by Melisa Oliva *
From the darkness to the light, the destiny of a vegetable is to nourish us while feeding us. We try to honor this grace by trying to eat all that we can from our weekly CSA bounty.
Being part of a CSA can be exciting and makes us feel responsible and good about our consumer choices. We are being part of the solution to our global concerns. We are helping to strengthen the wellbeing of our local food system.
Once in the intimacy of our kitchen, to truly honor our values, the reality is that we need to switch some practical uses and behaviors on how we eat and manage our vegetables so we can make the best out of this experience.
Cooking using the vegetables in your weekly CSA is different from planning your meals around recipes. Cooking from recipes is a habit that is fun but can be un-practical, especially in times of pandemic when we are not going to go shopping just for one special ingredient.
Cooking and eating using your CSA involves commitment, creativity and intention. It requires planning our meals around the weekly harvest.
Here are some practical tips that will help you get the best out of our summer harvest:
1. Identify. First, take out all the veggies from your bag and identify them to have an idea of what type of ingredients you have. Get familiarized with your weekly harvest. Observe their colors, touch them and smell them. Even take little bites to get to know them raw too. We have a very complete list of vegetables at our website, here where you can find pictures (in case you can not identify one) and information about their nutritional value and inspiration on how to cook it. For some people, writing a list of the produce on their refrigerator door works as a reminder to use all of what they have and to cook and eat around them.
2. Storage. It is important to store your veggies properly to maximize the life of a vegetable and accommodate it to your fridge or counter. Look at the Recipe section in our website for tips on how to store greens, herbs and other veggies and this will also give you ideas to store vegetables for a longer run and/or to have them available when you are in a rush and need something quick, like: pestos, infused oils, chopped vegetables for stir fries or garnishes.
3. Classify your produce around major and minor recipe roles. If you get a lot of one ingredient, for example greens, you will need to give them a major role in your meals. Increasing their use by using them not just in salad, but in unusual ways, like in soups, pastas, frittatas, patties, stir fries, smoothies, risotto, etc. On the other hand, if you get a little of something, plan to use it as a garnish, giving it a secondary role in your meal, maybe just to give a little flavor, like carrots on top of salads.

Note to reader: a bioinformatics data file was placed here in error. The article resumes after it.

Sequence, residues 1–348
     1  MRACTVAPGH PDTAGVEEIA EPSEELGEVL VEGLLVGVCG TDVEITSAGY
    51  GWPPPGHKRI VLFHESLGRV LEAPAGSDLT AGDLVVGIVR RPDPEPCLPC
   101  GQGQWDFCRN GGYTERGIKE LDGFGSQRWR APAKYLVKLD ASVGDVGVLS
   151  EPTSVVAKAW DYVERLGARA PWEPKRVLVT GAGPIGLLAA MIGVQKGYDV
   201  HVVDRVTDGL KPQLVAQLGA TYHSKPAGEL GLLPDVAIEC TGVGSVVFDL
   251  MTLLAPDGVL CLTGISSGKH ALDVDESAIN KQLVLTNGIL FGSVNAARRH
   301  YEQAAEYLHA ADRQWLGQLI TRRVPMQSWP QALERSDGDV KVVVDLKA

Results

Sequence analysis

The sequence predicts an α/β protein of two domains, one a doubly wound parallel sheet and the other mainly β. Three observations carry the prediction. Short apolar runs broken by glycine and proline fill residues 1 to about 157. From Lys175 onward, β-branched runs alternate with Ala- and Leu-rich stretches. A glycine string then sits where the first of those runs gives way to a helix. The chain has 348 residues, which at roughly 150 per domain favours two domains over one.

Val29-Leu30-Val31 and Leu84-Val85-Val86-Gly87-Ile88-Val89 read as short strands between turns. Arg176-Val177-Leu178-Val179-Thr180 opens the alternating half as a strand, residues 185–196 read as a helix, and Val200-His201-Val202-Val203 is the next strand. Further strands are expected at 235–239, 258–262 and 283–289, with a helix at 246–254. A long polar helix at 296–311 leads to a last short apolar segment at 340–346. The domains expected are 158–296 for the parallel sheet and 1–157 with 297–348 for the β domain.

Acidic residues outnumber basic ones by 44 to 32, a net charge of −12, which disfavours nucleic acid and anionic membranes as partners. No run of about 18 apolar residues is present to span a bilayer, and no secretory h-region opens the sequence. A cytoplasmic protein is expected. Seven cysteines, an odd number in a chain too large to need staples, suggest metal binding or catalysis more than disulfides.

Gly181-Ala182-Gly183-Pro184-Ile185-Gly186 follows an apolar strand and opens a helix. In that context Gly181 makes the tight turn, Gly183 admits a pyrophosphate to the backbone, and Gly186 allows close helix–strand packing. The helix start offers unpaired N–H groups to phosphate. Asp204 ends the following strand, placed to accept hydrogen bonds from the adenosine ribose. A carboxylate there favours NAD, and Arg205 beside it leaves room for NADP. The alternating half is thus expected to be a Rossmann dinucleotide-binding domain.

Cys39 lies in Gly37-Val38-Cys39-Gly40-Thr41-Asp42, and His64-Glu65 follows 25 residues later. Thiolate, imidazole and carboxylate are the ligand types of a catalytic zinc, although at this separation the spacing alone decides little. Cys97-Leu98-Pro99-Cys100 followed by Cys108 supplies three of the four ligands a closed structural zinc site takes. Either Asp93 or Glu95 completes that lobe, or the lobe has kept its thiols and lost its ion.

4. Substitute. Having available certain vegetables will give you the opportunity to explore your favorite recipes with what you have. Think of that tomato soup you loved last summer and how it will be as delicious made with zucchini or carrots. Same with any dish made with spinach, arugula or basil. These greens can be substituted by beet tops or even carrot tops (for advanced adventurous palates!). The result will be different but as delicious.
5. Prepare what you like to eat. There are many ways to use your veggies; that is why honoring your particular preference is super important for you to enjoy your meals. You can grill, saute, roast, blanch, steam, boil, marinate, blend, and freeze your vegetables to eat them with whole grains, pasta, animal or vegetable proteins, dry beans, and fruits. A way to get inspired is to flow with the weather. If it is hot you might need something cooling and refreshing like a salad, or a gazpacho. Or/and something light like a wrap, tacos, cold pasta, or a sandwich. If it is chilly you might feel like something warm like a soup, rice, something baked or roasted. Your family dynamics and preferences will also guide you. I know Ananda (5 years old) will eat anything on a pancake so green pancakes (packed with any leafy green) will be eaten with delight. When we go outdoors for a hike, we will bring on our picnic cut veggies and crackers to dip in peanut butter or other seed butter, beet hummus, fake guacamole (made with zucchinis), and a bag of salad, with a little bottle of dressing.
6. Keep a vibrant and healthy pantry. This tip is not about your CSA per se, but can help you enjoy it more. Keep whole grains and dry beans around the house to make it effortless to use that CSA produce – you’ll want to make sure you stock up on brown rice, quinoa, tortillas and good bread, like the Rise Up Bakery :)
Also keep cornmeal, all purpose organic unbleached flour, and whole wheat organic flour, too. It’s almost a necessity to have dry beans stocked up in your pantry – thankfully they can be inexpensive. Beans, Lentils, Chickpeas (Garbanzo Beans) Northern Beans, 7-Bean Mix and Black Beans, Black Beans, etc.
Nuts are always good to have and they can last long in your pantry or fridge, but they can be very expensive. We love to have sunflower seeds and pumpkin seeds and we try to buy them in bulk. We use them as substitutes for pine nuts, pecans and walnuts that are more on the expensive side. They can be great additions for salads, pestos, soups and smoothies. So can flax seeds and chia seeds.
Homemade cheeseless pizza with whole wheat dough. Toppings: salmon, beets, sweet peas, and tomato sauce from last year harvest.
*Melisa Oliva is co-owner of Ananda Gardens, Vermont's Wellness Farm. She works as a health coach at Noom. She is on her way to get certified as an Integrative Health Coach from Duke University.